Javier Tellez


at Peter Kilchmann


Two 35mm films were projected side by side in a darkened room. On the left appeared a statue of a bronze Prometheus with a torch in his raised hand, a gift of fire to emancipate man; on the right, a comical carved-wood hermaphrodite holding a clock overhead. The camera examines the sculptures from head to toe, on all sides, slowly and methodically, the silence broken only by the projectors’ whirring. This installation is Javier Téllez’s Rotations (Prometheus and Zwitter), 2011, made during a residency at Berlin’s DAAD. The Prometheus is a 1937 sculpture by Arno Breker, Hitler’s protégé, and the small wooden Zwitter (Hermaphrodite), 1920, a piece by the schizophrenic Karl Genzel. The latter was one of many works presented in the infamous National Socialist exhibition “Entartete Kunst” (Degenerate Art) of 1937, which denigrated avant-garde artists by drawing parallels between their work and that of psychiatric patients— equating artistic experimentation with mental instability.

Téllez’s exhibition also included the approximately 42-minute DuÌ?rer’s Rhinoceros (2010), a film shot inside a former prison for the criminally insane in Lisbon that was designed as a panopticon. (The building became a museum in 2000.) Current-day psychiatric patients enact fictional scenarios about the prison’s past inhabitants in the cells, while a preserved rhinoceros is wheeled around the central courtyard. This impressive work demonstrates Téllez’s more familiar approach to his recurring theme of the mentally ill, whom he often engages as collaborators and coauthors in com- plex site-specific film productions. Yet a constant in both works is the idea of visual observation and the point at which the visual proves inadequate. (The title refers to a famous 1515 woodcut of a rhinoceros that DuÌ?rer executed based on a friend’s written description and sketch, without any firsthand experience.)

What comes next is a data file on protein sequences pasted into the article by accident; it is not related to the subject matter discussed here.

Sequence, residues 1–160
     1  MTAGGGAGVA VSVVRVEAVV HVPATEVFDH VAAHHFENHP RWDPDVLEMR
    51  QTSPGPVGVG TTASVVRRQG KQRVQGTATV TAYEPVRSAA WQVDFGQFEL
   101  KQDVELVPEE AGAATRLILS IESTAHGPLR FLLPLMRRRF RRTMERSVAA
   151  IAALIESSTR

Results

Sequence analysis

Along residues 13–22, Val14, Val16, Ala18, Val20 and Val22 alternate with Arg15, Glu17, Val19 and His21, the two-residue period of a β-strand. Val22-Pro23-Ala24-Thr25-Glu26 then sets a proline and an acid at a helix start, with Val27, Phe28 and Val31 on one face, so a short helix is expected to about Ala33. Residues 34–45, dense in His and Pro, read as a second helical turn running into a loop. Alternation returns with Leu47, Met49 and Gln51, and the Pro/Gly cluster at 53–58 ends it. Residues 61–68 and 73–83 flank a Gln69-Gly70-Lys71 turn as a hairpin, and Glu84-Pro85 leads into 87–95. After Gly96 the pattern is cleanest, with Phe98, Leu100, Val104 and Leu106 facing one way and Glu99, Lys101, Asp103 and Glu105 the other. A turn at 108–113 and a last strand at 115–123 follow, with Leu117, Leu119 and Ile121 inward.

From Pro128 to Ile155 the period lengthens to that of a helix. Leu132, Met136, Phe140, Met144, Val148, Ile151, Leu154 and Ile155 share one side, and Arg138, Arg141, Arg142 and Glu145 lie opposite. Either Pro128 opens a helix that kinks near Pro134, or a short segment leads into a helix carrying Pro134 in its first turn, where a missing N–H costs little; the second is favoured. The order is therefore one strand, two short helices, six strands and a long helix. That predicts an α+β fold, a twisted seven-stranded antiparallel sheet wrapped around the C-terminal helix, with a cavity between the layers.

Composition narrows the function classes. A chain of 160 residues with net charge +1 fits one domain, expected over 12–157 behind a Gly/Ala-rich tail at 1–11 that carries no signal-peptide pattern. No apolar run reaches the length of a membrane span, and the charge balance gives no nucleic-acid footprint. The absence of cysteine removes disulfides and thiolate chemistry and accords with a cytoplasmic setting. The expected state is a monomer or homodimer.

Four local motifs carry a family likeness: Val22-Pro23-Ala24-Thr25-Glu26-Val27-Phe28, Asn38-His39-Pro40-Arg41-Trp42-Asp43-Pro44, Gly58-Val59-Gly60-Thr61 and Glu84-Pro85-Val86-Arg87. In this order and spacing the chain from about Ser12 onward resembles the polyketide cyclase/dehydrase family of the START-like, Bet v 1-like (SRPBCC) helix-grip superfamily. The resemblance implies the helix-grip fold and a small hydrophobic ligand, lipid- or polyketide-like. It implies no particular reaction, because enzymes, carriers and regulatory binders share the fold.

In Rotations, Téllez creates parity between the two very different artworks by presenting them in the same format (isolated against white backgrounds) and scale (the projections fill the wall from ceiling to floor). Prometheus’s attri- butes have faded, the bronze discolored by decades of exposure, while the won- derfully vulgar genitalia of the enlarged figure of the hermaphrodite dominate the installation. Much as the film pretends to be objective by presenting a physiognomic examination, the visual juxtaposition is humorous and the facts of the works’ intersecting histories powerful. Behind the comedy lies the fact that Breker’s statue was to have graced Goebbels’s Ministry of Propaganda, bringing honor to the Third Reich, but now we see its creator as benighted.

If the installation is clever enough to avoid being portentous, Téllez refrains from reaching a didactic conclusion. The thought-provoking projections imply a karmic turn of history and allow Genzel the last laugh, but could equally signify an artwork’s inability to determine its own reading.

Photo: View of Javier Téllez’s Rotations (Prometheus and Zwitter), 2011, two 35mm film projections, each 7 minutes; at Peter Kilchmann.